Q: Am I getting, or taking, adequate vitamins?
A: The term “enough vitamins,” can be misleading in and of itself. This is because each person is biochemically unique, based on genetic structure, nutrition and environment. One might also ask, “Enough for what?” The point is — standard measurements of “daily allowances” for vitamins are pathetically low and don’t really serve us today — especially in an era in which we actually have the option of being radiantly healthy.
Such numbers, typically set decades ago, were created to focus on disease prevention rather than the pursuit of optimal health. That is, they will tell you how much vitamin C you need daily to prevent scurvy [up to 65 mg, or about 1 orange], but they do not suggest how much vitamin C may be required to reach and maintain the best health possible [1,000 mg daily and upwards depending on your biochemical individuality]. Nor, do these numbers take into account vitamin-destroying activities such as alcohol consumption, smoking, pollution, smog and other factors.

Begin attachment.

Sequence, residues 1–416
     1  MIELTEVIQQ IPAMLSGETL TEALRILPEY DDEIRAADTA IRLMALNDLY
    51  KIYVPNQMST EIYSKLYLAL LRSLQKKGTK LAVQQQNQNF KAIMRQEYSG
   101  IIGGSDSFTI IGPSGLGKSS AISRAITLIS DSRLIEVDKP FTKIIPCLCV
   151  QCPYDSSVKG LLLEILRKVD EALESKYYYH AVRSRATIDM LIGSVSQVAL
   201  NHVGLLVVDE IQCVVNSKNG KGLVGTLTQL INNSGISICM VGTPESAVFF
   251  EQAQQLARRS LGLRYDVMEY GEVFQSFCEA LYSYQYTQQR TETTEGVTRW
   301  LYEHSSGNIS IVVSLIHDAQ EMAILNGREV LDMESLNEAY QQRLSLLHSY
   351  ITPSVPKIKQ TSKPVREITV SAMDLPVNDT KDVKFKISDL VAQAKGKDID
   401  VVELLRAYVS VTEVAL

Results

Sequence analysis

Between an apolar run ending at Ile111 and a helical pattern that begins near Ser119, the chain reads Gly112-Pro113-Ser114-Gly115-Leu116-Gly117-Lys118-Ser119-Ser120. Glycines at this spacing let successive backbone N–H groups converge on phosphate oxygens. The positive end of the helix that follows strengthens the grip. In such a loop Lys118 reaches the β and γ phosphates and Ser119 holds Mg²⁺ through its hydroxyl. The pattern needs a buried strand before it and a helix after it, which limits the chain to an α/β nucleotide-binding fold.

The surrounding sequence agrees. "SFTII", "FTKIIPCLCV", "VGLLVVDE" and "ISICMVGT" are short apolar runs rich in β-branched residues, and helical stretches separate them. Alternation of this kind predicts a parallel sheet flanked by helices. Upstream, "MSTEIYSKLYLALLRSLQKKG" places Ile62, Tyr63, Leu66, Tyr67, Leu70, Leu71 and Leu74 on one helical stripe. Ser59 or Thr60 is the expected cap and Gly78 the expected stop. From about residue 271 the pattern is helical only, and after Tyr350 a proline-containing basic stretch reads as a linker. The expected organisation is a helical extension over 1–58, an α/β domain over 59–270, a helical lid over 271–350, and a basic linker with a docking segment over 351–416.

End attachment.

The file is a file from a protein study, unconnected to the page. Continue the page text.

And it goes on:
Can you get sufficient vitamins from the food you eat? May be. May be not. There’s a growing concern among natural health enthusiasts that the soil in which we grow food today has been so depleted of nutrients and pumped full of toxins that fruits and vegetables are actually less nutritious today than they were even a few decades ago. Add to this the shortage of fresh fruits and vegetables in most people’s diets and you can understand why most health consultants recommend that people take a daily multivitamin/mineral supplement. In short, while there is no substitute for a healthy diet, complete with organic fruits, vegetables, grains and legumes, it behooves you to take a good quality multivitamin supplement. This will ensure that you are getting enough of the vitamins that your body requires to prevent serious diseases. To determine how higher doses of certain vitamins may contribute to truly vibrant health, speak to a nutrition expert/therapist.
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